Florida's Oranges Could Vanish
Over 6 years, citrus greening cost state $4.5B and 8K jobs
By Ruth Brown, Newser Staff
Posted May 10, 2013 9:07 AM CDT
An orange that is showing signs of citrus greening disease.   (AP Photo/The Monitor, Nathan Lambrecht, File)

(Newser) – Florida's $9 billion citrus industry is under threat from a disease called citrus greening, and this year's harvest has been the hardest hit yet, with production down 10% from initial estimates. Greening, which causes citrus fruit to become bitter and fall off trees before it's ripe, is estimated to have cost the state $4.5 billion and 8,000 jobs since 2006, the New York Times reports; the disease first surfaced in Florida the year prior, and no cure has yet been identified. "This year was a real kick in the gut," says Florida's agriculture commissioner. "It is now everywhere, and it’s just as bad as the doomsayers said it would be."

Florida growers have already spent more than $60 million in pursuit of a cure, in addition to millions from the federal Department of Agriculture. A bill to fund up to $150 million in research over five years was shot down by Congress earlier this year, amid concerns about the fiscal cliff, reports The Ledger. But time is running out: The disease has already spread to Texas, California, and Arizona. "Now there is a real sense of urgency," says the CEO of a citrus grower trade organization. "We are not doing research to publish a paper but research we can get on the back of a tractor."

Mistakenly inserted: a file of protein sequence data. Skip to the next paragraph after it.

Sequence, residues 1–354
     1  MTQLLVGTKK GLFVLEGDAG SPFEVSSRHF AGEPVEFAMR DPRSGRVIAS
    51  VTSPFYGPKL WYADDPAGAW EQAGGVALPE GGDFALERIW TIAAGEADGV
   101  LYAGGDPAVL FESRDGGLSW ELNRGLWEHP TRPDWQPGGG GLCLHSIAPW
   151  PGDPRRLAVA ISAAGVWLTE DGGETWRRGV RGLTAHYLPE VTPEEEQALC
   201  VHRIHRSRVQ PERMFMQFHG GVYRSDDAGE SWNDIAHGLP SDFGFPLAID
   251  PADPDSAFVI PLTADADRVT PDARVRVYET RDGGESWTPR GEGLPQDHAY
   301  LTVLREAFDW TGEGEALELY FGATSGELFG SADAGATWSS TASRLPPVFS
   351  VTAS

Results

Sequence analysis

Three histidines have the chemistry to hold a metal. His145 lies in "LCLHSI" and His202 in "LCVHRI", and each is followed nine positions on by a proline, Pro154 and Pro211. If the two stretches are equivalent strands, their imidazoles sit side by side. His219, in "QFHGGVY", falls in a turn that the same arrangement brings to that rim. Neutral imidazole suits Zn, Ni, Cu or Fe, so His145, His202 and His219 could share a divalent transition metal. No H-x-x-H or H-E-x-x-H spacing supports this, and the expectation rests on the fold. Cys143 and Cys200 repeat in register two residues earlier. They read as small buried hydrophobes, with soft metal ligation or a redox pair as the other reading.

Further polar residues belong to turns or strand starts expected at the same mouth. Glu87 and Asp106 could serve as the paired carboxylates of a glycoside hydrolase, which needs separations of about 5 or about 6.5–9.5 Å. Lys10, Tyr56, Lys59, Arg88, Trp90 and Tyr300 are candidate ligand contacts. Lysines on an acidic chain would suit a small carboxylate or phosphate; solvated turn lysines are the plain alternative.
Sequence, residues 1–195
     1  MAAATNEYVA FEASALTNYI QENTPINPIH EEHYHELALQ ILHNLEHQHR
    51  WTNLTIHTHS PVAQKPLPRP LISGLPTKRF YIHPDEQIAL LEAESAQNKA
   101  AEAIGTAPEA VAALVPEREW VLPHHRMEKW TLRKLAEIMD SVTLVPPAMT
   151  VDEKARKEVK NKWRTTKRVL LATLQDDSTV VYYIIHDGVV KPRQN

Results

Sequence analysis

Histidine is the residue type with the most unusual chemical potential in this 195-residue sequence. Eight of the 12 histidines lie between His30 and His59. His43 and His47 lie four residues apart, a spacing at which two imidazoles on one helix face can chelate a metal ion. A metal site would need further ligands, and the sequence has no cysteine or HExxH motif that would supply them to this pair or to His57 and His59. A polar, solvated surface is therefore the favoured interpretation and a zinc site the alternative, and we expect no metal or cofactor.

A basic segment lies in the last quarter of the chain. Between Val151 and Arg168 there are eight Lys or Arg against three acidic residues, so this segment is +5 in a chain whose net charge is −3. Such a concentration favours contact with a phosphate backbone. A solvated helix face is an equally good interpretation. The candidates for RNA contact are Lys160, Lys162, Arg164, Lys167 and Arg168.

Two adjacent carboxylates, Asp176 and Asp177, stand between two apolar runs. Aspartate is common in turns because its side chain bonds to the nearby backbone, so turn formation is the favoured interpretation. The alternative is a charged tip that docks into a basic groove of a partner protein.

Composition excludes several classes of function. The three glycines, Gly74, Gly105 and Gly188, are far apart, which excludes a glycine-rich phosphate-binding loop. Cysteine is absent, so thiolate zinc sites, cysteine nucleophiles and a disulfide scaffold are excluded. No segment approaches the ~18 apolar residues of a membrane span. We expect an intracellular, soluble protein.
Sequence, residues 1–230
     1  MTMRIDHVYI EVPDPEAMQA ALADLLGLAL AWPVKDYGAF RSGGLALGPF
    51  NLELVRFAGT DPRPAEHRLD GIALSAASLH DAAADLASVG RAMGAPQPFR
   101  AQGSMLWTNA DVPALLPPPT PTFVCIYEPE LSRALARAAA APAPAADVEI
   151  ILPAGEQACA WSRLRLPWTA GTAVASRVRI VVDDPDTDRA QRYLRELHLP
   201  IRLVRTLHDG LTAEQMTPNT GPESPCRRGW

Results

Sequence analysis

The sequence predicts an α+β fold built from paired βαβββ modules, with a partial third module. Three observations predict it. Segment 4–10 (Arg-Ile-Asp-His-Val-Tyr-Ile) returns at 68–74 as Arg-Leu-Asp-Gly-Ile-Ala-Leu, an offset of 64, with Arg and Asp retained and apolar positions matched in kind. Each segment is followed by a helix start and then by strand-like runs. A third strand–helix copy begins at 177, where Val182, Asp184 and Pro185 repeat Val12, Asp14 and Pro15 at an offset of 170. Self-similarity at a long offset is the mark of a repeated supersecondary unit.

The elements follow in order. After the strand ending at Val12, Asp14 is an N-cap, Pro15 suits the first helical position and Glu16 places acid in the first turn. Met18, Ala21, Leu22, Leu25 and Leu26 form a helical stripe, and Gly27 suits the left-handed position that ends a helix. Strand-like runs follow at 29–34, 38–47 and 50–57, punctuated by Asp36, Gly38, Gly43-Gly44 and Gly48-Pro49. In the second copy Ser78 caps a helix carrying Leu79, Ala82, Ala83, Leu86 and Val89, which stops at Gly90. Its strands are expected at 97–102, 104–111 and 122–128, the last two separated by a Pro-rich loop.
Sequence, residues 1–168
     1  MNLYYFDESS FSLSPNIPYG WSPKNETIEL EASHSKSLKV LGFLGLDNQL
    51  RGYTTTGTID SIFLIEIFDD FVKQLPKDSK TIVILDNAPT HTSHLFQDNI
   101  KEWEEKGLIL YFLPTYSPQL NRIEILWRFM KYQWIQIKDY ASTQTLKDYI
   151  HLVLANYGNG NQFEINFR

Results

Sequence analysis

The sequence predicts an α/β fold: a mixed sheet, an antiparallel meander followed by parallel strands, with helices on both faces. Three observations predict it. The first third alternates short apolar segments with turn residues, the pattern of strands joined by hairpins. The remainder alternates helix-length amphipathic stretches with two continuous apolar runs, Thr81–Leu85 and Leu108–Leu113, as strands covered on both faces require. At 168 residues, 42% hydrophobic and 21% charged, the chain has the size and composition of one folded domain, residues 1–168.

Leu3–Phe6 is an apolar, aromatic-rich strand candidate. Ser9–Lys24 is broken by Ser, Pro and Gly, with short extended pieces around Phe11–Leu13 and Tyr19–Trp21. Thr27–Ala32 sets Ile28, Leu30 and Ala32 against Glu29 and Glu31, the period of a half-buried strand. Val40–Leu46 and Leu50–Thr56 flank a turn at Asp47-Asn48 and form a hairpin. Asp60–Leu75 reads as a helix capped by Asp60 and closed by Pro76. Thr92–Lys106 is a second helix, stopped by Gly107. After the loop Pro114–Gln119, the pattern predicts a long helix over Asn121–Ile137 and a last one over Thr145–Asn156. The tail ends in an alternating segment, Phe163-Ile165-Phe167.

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May 12, 2013 2:37 PM CDT
Warming of the environment started after Adam meet Eve !!!! So, there !!!!!!!!!!!!!!
May 11, 2013 5:13 PM CDT
Any historians out there that remember the Irish potato famine. The cause was a fungus. the reason was that they had eliminated the diversity of crops. Fast Forward 130 years....Monsanto engineers and patents 12 select crops that compose over 70% of the food americans consume. Can you see a potential problem with this.
May 10, 2013 9:25 PM CDT
All os these strange phenomena can be attributed to overuse of chemicals, pesticides and other attempts to increase yield. Most of these things were not a problem when people farmed small plots of land and tended to their crops by hand. It's the big corporate farms that sprang up since the late 60's that is behind all of this.